‘It was them you were looking to see a reflection of yourself. You feel so untethered sometimes. They provided gravity for a week or a night or however long you were hanging out together.’
The image of having trouble remembering himself he reflects, is a common theme for him in his writing.
‘Because it’s something I struggled with,’ he admits.
Adam’s famous dreadlocks – recently shaved off on a whim – were a major part of his identity for a long time. ‘With the dreadlocks I thought ah, that’s me. They were very important to me for a lot of years. The first time I ever felt like myself.’ But now they’re gone and sit in a carrier bag in a friend’s flat, while he experiences the British climate without his previous insulation.
Adam Duritz is a fun guy to chat to, I tell him I love the trumpet in ‘Angel on 14th Street‘ and he reveals how he originally ‘sang’ that part himself at first, much to the amusement of others. I have to ask if he had a good time experimenting with wordplay on the suite’s closer ‘Bobby and the Rat Kings’. ‘There’s a leather rat Fender strapped kid with a pick finger twitch’ is a tongue twister accident waiting to happen, surely.
‘So much fun,’ he nods enthusiastically. ‘I almost wish you could hear it how I hear it. I was really trying to play with the hip-hop way of wordplay on this record and Somewhere Under Wonderland. Songs like Earthquake Driver I really messed around with the speed and having more humour in the rhyme schemes.’
The ‘ob-la-di, libido’ in the end of ‘Earthquake Driver’ gave him permission to ‘fuck around’ with words. ‘Because I enjoy being a writer. There’s a lot of brilliant writing in hip-hop. They are willing to play around with it. I decided to loosen up and let myself partake of it. It’s a part of me.’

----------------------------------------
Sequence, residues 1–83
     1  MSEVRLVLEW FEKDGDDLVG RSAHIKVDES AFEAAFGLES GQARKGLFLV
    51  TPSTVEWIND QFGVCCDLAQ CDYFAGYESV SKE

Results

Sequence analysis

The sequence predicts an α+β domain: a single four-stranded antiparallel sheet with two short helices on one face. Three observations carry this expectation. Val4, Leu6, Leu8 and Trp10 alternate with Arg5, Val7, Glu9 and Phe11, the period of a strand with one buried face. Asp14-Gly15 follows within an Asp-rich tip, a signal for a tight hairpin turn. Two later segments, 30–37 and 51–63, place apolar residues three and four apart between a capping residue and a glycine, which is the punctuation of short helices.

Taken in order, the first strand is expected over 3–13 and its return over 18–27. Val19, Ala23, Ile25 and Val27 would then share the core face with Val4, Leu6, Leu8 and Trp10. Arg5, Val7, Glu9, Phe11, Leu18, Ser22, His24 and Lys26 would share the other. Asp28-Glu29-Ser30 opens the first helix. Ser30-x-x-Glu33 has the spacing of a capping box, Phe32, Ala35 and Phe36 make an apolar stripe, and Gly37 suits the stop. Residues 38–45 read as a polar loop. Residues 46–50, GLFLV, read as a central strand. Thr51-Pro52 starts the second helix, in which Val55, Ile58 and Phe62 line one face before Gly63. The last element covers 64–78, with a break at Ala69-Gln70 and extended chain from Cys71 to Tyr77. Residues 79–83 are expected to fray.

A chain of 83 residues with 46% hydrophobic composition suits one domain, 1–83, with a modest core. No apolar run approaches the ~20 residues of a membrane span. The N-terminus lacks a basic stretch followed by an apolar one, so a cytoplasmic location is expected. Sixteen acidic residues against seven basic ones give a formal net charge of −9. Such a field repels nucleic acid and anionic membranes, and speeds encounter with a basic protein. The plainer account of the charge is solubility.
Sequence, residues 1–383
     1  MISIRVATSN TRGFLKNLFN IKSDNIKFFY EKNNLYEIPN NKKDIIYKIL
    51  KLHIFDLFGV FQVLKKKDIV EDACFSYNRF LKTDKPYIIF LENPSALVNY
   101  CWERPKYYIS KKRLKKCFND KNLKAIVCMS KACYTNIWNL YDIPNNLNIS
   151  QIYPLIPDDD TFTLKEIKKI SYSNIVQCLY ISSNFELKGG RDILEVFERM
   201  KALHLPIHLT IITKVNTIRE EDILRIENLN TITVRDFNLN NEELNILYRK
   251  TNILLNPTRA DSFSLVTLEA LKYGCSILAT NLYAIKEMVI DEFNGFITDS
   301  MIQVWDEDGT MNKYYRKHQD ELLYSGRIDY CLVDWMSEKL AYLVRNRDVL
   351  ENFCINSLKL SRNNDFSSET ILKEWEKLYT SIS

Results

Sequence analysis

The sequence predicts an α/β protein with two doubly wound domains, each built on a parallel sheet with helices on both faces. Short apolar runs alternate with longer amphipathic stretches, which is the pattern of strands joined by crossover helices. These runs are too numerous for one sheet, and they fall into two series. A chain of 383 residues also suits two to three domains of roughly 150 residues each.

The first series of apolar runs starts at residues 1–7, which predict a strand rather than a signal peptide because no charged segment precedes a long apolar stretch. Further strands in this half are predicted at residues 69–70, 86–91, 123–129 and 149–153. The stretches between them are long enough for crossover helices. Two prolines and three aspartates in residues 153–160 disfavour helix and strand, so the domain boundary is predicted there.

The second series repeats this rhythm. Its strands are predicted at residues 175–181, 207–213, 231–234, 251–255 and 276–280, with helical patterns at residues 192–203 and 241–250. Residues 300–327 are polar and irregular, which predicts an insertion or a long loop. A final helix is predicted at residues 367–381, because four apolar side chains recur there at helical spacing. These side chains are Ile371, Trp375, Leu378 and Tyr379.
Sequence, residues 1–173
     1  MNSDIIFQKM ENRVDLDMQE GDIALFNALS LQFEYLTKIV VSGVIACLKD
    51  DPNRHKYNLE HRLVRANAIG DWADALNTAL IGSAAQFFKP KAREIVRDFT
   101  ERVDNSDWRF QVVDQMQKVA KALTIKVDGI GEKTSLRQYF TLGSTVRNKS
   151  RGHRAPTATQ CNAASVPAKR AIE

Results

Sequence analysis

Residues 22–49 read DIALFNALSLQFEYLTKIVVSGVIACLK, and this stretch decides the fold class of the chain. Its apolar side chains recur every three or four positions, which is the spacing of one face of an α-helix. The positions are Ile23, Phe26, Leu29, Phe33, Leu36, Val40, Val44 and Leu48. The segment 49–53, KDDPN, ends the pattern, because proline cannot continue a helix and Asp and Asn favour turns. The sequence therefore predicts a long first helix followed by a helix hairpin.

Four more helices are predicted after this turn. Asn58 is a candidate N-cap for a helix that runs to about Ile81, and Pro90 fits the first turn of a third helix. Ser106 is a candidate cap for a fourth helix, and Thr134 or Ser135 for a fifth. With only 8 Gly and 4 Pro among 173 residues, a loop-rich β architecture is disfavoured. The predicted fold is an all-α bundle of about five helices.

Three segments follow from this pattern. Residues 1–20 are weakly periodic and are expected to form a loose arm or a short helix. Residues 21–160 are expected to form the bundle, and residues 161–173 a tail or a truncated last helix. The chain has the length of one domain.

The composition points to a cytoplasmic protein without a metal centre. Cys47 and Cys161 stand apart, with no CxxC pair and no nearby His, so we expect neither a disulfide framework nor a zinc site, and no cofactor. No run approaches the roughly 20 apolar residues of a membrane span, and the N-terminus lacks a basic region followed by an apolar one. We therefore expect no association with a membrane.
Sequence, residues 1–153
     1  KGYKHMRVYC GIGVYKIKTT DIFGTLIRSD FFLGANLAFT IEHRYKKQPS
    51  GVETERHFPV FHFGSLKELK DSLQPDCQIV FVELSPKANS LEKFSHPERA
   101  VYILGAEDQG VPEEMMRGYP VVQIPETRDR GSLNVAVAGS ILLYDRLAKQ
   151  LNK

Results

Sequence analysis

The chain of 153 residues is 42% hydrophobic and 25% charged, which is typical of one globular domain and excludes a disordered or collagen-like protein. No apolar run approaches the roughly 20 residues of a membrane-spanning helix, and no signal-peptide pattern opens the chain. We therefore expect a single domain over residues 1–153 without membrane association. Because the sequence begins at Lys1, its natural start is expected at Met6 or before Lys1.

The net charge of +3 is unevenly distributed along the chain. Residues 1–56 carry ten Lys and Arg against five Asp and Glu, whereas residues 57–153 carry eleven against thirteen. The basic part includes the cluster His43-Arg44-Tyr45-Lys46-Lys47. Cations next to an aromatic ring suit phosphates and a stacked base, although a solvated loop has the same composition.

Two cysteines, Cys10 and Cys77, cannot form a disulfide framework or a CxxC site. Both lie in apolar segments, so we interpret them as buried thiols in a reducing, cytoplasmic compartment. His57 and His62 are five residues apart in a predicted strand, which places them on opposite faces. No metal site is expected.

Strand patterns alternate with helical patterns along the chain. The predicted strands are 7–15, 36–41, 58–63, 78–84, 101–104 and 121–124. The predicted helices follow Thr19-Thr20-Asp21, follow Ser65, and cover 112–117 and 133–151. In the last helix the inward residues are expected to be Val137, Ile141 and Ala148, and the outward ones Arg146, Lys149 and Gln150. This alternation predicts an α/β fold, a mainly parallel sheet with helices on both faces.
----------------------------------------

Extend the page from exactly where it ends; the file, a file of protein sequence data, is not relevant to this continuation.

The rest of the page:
He started ‘Bobby and the Rat Kings’ as an attempt to write a Who song. ‘I always felt jealous of friends who can write things that got the crowds to air guitar,’ he jokes, but concedes it has more than a hint of Bruce Springsteen present.
‘But I was thinking of The Who,’ he insists. ‘I didn’t mean to write the “my generation” line (‘my generation doesn’t have a name’) but once I realized it was in there in this song, I started fucking around with my ggg generation, my degeneration. I had version that were 2, 3,4 syllable gggg-s. I decided to leave it with a simple one!’
I put to him that the concept of a suite feels nostalgic in many ways. He cites the second side of ‘Abbey Road‘, Marvin Gaye’s ‘What’s Going On’, De La Souls’ ‘Three Feet High and Rising‘. ‘Especially in hip hop there have been a lot of concept records that worked that way, but yeah it’s not like everyone’s doing them every day.’
Adam’s return to the farm is to work on a second suite. ‘I haven’t done a lick of work yet,’ he grins mischievously and tells me about his emergence during the pandemic from ‘afternoon cook’ to instagram cookery sensation with recipes like buttermilk chicken which he insists I should have a go at. There’s gigs over in America this year too, so much to keep him occupied. And in the present, that magnificent good boy Copper and he are revelling in long gentle walks savouring the English countryside. Taking it all in. But something tells me, we won’t have to wait anywhere near to seven years for another record.
‘Butter Miracle Suite One’ is out now via BMG.